The XB-46's first flight occurred 2 April 1947 after a month of taxi testing, and lasted ninety minutes as the bomber departed the Convair plant in San Diego, California for Muroc Army Airfield in the high desert. The pilot praised its handling qualities. Basic flight testing took place for five months, and by September 1947 it was concluded after 127 hours aloft on 64 flights by both the Convair company and AAF test pilots. Stability and control were excellent but there were engineering problems with engine de-icing, the cabin air system, and vertical oscillations caused by harmonic resonance between the wing and spoilers. There was also concern regarding the ability of the three man crew to exit the aircraft in case of an emergency, since the exit plan relied on the pneumatic system to hold the main door open against the airstream. The aircraft was accepted on 7 November and delivered on 12 November 1947.
The B-46 program was cancelled in August 1947, even before flight testing had been completed, because it was already obsolete. The North American B-45 Tornado already had production orders, and even it would be eclipsed by the Boeing B-47 Stratojet's superior performance. Furthermore, the bulky radar fire-control system which was not installed in the XB-46 prototype would have undoubtedly forced an expensive redesign of the slender fuselage. Subsequent testing investigated excessive noise, tail vibration, and stability and control issues, and was conducted at Palm Beach Air Force Base, Florida between August 1948 and August 1949. After 44 additional flight hours, the XB-46 was taken out of service, since the cost of support and maintenance, coupled with a lack of spare parts, had become prohibitive. After sitting idle for a year, it was flown to Eglin Air Force Base, Florida, in July 1950, where its pneumatic system was tested under the coldest conditions in the large climatic facility there. Most jet aircraft of this period used hydraulic or electrical systems, so the pneumatic control system of this aircraft offered a unique opportunity for investigation. When this testing program was concluded in November 1950, the Air Force no longer had need for the XB-46, a fact acknowledged in the press as early as August, and on 13 January 1951 the nose section was sent to the U.S. Air Force Museum at Wright-Patterson Air Force Base, Ohio, although it appears that the airframe section has not survived in the collection. The rest of the airframe was scrapped on 28 February 1952.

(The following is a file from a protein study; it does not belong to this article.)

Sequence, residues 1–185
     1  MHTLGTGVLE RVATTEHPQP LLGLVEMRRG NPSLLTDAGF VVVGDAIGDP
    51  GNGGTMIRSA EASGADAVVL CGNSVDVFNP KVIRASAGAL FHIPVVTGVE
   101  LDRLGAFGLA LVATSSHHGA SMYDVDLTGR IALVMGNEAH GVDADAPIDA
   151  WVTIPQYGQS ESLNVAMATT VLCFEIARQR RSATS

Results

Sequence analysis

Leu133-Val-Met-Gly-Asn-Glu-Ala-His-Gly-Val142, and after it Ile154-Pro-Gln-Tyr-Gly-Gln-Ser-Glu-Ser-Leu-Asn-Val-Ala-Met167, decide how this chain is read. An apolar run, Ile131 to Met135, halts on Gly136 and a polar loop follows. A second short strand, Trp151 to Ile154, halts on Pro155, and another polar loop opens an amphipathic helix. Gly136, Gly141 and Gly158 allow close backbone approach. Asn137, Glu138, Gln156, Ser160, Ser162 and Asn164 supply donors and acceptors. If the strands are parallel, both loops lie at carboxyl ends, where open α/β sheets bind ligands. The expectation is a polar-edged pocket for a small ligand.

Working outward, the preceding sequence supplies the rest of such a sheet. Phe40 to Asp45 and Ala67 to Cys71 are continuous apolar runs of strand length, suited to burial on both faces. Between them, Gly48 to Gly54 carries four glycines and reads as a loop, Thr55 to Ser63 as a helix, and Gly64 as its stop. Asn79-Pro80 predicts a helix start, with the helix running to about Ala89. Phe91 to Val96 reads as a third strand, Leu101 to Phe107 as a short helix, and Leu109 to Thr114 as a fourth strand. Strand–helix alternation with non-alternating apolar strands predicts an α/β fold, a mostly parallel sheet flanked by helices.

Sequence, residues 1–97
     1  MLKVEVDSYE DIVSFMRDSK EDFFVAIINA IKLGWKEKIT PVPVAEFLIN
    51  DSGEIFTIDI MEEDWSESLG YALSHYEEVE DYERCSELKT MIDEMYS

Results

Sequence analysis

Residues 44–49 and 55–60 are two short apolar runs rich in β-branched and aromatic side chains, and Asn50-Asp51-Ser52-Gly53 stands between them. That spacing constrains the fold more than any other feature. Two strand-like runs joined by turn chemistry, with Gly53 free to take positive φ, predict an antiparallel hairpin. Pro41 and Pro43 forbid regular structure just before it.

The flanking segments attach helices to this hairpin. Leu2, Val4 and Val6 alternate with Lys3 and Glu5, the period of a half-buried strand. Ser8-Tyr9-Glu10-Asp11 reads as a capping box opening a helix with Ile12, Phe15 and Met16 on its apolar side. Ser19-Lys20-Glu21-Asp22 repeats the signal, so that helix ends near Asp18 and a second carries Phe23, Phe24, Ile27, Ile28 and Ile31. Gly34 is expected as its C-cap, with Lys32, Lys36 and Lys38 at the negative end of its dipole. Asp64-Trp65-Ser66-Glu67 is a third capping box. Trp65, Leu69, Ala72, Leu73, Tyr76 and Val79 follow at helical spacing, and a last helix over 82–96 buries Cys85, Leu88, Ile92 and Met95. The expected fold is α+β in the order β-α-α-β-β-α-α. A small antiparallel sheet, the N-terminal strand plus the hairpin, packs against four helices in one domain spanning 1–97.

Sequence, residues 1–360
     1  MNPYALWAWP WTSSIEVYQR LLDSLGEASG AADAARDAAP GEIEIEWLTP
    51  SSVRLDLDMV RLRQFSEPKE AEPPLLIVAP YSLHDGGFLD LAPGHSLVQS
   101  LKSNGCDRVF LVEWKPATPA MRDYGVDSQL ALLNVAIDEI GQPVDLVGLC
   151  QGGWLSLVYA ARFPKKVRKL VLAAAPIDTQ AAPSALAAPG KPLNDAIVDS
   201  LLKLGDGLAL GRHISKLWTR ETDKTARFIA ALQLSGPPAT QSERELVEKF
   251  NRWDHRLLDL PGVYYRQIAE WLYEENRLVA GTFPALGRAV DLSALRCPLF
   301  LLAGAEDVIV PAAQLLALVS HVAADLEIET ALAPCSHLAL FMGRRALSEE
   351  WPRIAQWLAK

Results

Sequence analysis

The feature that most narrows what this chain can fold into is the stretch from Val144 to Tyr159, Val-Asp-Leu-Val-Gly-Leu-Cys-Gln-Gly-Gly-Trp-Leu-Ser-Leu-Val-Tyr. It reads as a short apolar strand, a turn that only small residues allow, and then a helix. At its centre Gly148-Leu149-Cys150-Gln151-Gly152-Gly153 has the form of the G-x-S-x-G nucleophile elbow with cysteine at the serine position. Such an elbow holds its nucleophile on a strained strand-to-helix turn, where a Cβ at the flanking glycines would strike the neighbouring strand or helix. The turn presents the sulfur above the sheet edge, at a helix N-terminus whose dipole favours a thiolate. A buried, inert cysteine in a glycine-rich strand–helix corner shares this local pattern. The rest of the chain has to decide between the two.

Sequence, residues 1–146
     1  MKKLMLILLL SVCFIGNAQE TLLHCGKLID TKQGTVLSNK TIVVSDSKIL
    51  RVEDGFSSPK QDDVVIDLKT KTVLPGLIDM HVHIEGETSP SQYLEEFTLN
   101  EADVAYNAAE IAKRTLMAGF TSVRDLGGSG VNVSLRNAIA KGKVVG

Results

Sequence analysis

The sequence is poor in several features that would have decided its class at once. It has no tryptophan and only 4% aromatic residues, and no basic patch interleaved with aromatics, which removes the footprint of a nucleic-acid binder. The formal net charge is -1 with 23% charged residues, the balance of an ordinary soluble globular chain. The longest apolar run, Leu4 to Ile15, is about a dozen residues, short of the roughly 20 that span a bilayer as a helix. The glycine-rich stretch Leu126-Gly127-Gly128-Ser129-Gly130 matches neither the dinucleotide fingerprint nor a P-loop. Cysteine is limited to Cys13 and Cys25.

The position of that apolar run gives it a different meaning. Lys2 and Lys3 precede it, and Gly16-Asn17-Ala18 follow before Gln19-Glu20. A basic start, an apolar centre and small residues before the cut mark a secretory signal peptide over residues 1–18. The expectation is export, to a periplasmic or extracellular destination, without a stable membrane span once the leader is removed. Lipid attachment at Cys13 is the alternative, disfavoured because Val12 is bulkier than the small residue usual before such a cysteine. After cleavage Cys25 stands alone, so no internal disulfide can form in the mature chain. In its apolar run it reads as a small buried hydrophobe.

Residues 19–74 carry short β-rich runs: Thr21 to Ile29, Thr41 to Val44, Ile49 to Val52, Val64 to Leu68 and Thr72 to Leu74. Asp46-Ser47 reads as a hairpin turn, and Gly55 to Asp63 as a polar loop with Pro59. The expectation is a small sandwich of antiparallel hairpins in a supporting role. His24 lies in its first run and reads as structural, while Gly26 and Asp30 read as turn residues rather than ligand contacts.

Data from General Dynamic Aircraft and their Predecessors
- Crew: three
- Length: 105 ft 9 in (32.24 m)
- Wingspan: 113 ft 0 in (34.45 m)
- Height: 27 ft 11 in (8.51 m)
- Wing area: 1,285 ft² (119.4 m²)
- Empty weight: 48,018 lb (21,826 kg)
- Loaded weight: 91,000 lb (41,364 kg)
- Max. takeoff weight: 95,600 lb (43,455 kg)
- Powerplant: 4 × Allison J35-A-3 turbojets, 4,000 lbf (17.8 kN) each
- Maximum speed: 545 mph (474 knots, 877 km/h) at 15,000 ft (4,580 m)
- Cruise speed: 439 mph (382 knots, 707 km/h) at 35,000 ft (10,700 m)
- Range: 2,870 mi (2,496 nm, 4,621 km)
- Service ceiling: 40,000 ft (12,200 m)
- Climb to 35,000 ft (10,700 m): 19 min
Aircraft of comparable role, configuration and era
- Boeing B-47 Stratojet
- English Electric Canberra
- Ilyushin Il-22
- Martin XB-48
- North American B-45 Tornado
- Knaack 1988, p. 526.
- Fort Walton, Florida, "XB-46 Bomber to Undergo Tests in Climatic Hangar", Playground News, Thursday 3 August 1950, Volume 5, Number 27, page 3.
- Wegg 1990, pp. 182–183.
- Knaack 1988, p. 527.
- Andrade, John M. (1979). U.S. Military Aircraft Designations and Serials since 1909. Earl Shilton, Leicester: Midland Counties Publications. ISBN 0-904597-22-9.
- Gunston, Bill (1979). Jet Bombers from the Messerschmitt M2 262 to the Stealth B-2. Osprey Aerospace. ISBN 1-85532-258-7.
- Knaack, Marcelle Size (1988). Post-World War II bombers, 1945-1973. Office of Air Force History. ISBN 0-16-002260-6.
- Wegg, John (1990). General Dynamics Aircraft and their Predecessors. London: Putnam. ISBN 0-85177-833-X.